What Happens

     OMB establishes ceilings for dollars and head counts for the agency in the spring preceding the request to Congress.  The guidance includes the President's policy priorities and preferences, instructs agencies on what programs to develop, emphasize, reduce or eliminate, and provides the overall policy direction for the budget year.
OMB also provides technical guidance on how to prepare strategic plans and budget request submissions, and integrates the requirements of the laws and regulations applicable to the budget process.  This makes it the most significant element that an agency considers in its budget process actions.  This guidance is issued as Circular A-11, which is revised every year.


     The law places all control of Executive Branch agency budgets in the President's hands.  The President's assistant in carrying out the budget laws is OMB. The numbers provided by OMB to the agencies are targets for the appropriations levels in the upcoming budget request.  These numbers are related to the overall Federal budget for the year, as well as whatever agreements may have been made with Congress on the overall Federal budget deficit or surplus.  OMB makes sure that the cumulative requests of all agencies meet the overall level of budget request that the President wants to submit to Congress.  OMB makes sure that the President's policies are implemented through the budget process.  The best way to accomplish this is to set the amounts of money and people that the agency may have.  Programs favored by the President get ample funding while those not favored are cut or kept short of funds.  Allocation of resources is a powerful "attention getter."


     Agency heads accept the ceilings and policy guidance or negotiate through the summer to get a higher ceiling or change policy. These negotiations can get heated. They are a test of the agency head's political "clout" as well public interest in an issue:  The more the public interest favoring the agency, the more likely it is that the agency will prevail.  No political leader wants to look inattentive to an issue.   The budget is a clear way to make a leader look like one.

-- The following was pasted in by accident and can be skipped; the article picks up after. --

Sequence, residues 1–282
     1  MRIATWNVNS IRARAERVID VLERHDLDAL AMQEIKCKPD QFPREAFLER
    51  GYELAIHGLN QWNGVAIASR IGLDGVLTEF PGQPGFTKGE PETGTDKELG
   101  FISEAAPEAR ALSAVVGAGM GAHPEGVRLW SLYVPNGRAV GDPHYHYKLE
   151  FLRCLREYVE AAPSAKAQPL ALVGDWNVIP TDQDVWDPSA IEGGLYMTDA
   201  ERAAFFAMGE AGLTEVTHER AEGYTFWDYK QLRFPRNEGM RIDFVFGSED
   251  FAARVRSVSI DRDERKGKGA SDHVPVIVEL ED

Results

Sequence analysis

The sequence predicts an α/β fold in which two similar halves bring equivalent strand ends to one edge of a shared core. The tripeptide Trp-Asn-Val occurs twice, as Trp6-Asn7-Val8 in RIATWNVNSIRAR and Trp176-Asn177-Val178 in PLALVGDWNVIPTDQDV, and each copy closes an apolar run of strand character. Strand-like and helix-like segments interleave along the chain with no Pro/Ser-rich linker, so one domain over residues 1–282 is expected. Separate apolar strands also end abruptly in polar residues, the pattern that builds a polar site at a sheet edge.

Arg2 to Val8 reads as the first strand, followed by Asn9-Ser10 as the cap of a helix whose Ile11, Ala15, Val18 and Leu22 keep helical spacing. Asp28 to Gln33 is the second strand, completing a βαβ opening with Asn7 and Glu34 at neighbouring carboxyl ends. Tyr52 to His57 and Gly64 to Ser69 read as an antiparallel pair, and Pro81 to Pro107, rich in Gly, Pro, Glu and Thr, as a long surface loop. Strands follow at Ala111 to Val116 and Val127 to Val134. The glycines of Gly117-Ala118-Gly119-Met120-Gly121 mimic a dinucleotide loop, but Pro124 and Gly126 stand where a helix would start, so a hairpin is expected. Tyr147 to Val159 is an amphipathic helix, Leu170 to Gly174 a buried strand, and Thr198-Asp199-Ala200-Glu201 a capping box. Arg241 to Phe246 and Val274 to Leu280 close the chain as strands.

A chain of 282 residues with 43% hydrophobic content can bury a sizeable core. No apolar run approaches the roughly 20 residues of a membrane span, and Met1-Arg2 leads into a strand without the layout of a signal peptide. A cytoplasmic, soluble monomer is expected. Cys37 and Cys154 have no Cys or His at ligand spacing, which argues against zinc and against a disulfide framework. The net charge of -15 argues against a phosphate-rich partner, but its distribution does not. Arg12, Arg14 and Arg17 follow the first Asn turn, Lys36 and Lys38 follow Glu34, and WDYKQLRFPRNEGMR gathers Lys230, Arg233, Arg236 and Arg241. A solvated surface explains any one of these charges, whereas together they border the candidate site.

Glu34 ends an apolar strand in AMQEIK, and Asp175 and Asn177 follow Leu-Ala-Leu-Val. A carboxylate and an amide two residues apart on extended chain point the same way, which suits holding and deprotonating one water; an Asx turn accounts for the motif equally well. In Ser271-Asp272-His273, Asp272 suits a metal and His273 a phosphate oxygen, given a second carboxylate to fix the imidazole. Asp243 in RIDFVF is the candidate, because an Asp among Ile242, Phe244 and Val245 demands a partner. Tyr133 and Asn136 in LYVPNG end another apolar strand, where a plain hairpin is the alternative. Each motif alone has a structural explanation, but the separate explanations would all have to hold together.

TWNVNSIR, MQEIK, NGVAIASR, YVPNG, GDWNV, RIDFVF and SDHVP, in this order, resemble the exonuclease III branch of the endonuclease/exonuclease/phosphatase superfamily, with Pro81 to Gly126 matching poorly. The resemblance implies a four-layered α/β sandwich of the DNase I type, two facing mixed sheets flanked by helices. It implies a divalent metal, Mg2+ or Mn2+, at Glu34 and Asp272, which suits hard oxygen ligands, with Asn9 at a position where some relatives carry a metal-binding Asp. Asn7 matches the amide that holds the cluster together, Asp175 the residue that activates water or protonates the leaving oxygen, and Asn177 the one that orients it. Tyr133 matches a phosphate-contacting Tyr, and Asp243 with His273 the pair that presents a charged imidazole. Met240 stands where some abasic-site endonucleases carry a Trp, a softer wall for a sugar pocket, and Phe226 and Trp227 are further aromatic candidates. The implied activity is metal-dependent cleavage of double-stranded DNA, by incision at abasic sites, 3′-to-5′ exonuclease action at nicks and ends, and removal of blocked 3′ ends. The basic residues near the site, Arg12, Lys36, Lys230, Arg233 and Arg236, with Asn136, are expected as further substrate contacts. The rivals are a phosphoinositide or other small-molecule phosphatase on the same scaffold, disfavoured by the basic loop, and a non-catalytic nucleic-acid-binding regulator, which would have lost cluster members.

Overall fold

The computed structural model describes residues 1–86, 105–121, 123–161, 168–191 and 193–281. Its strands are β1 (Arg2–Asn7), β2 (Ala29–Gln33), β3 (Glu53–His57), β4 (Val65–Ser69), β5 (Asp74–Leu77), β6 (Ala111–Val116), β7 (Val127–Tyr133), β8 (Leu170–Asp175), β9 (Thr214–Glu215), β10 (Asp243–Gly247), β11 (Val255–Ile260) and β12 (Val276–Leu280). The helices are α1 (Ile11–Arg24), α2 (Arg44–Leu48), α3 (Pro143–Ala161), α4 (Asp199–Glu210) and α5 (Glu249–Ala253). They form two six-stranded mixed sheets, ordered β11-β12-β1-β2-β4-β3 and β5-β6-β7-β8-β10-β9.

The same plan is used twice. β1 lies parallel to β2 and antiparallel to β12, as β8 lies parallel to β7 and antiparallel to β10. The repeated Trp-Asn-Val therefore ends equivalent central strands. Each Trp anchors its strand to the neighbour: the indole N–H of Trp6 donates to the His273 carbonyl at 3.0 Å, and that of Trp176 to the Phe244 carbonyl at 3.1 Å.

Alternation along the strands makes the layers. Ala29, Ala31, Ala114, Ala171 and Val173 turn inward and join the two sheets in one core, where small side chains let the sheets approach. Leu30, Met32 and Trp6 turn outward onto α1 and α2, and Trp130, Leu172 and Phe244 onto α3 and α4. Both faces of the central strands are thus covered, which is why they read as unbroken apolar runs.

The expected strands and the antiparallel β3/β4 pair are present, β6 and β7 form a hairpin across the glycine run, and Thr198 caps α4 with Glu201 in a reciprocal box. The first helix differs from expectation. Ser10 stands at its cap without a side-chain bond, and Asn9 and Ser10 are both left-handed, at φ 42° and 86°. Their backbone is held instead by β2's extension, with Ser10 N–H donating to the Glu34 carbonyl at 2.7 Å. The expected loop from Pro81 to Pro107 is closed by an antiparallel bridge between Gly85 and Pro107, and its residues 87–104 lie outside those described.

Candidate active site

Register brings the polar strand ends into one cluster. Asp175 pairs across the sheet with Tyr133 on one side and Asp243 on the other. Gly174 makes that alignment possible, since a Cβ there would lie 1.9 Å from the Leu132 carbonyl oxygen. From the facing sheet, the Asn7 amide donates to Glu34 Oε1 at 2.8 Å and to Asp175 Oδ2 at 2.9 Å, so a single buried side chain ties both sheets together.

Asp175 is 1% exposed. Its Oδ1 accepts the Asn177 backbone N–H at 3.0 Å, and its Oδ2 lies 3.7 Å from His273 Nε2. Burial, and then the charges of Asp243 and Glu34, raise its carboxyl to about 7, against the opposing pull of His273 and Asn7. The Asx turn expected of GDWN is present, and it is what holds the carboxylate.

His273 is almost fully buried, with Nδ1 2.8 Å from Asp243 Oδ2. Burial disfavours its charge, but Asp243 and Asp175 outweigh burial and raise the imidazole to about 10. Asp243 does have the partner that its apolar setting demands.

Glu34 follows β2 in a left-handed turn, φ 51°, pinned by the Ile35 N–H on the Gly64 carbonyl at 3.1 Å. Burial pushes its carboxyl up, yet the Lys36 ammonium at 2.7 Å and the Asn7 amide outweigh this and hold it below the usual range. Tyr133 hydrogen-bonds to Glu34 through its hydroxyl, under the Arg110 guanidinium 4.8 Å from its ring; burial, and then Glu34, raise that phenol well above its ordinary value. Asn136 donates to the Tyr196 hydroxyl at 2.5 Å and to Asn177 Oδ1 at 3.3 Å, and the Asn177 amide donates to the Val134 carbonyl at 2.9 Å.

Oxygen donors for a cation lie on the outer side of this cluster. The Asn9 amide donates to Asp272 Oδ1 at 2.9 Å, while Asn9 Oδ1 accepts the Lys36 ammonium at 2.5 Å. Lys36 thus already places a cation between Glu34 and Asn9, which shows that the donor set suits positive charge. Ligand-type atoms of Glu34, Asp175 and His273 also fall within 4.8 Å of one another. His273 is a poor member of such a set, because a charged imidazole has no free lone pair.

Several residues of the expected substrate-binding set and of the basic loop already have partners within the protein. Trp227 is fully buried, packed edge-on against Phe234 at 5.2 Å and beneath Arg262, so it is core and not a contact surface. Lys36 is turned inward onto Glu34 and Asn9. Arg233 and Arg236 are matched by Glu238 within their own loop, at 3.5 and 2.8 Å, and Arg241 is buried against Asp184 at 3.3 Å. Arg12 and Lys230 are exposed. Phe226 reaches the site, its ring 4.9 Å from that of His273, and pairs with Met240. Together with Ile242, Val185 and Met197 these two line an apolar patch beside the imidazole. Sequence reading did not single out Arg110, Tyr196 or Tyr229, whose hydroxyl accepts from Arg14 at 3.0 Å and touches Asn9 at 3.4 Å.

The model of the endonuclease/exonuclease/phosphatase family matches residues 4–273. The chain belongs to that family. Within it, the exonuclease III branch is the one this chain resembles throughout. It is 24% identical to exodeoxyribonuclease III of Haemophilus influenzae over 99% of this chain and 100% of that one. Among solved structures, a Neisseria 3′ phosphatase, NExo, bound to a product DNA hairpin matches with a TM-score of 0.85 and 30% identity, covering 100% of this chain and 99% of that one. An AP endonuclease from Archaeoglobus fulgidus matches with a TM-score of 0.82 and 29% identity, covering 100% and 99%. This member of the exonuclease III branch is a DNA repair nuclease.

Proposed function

Operating managers have little influence on the "top down" guidance for any given year.  They must keep in mind the effect that the actions at the beginning of the process will have on the end of the process (the execution of the budget), which is what affects them directly and for which they are directly responsible.   (For more information on budget execution, see EXECUTE.)


     OMB issues its guidance in late spring and early July.

 Documents and Links

     OMB's guidance on numbers and policy is not available to the public.   It is generally contained in a memorandum to a specific agency head; there may also be guidance that is more general, which may be addressed to all agencies.

      OMB's technical and procedural guidance are documented in Circular A-11, on how to assemble and present the budget request and strategic plans.  (A-11 now incorporates what was formerly in Circular A-34, on how to account for funds; A-34 no longer exists.)  These are public documents, available at OMB's web site.
The documents are also available from the Government Printing Office (GPO) in either paper copy or on a CD ROM, in PDF format (the CD ROM has the same information as is available from the web site).   You may also also find these documents in larger libraries or educational web sites.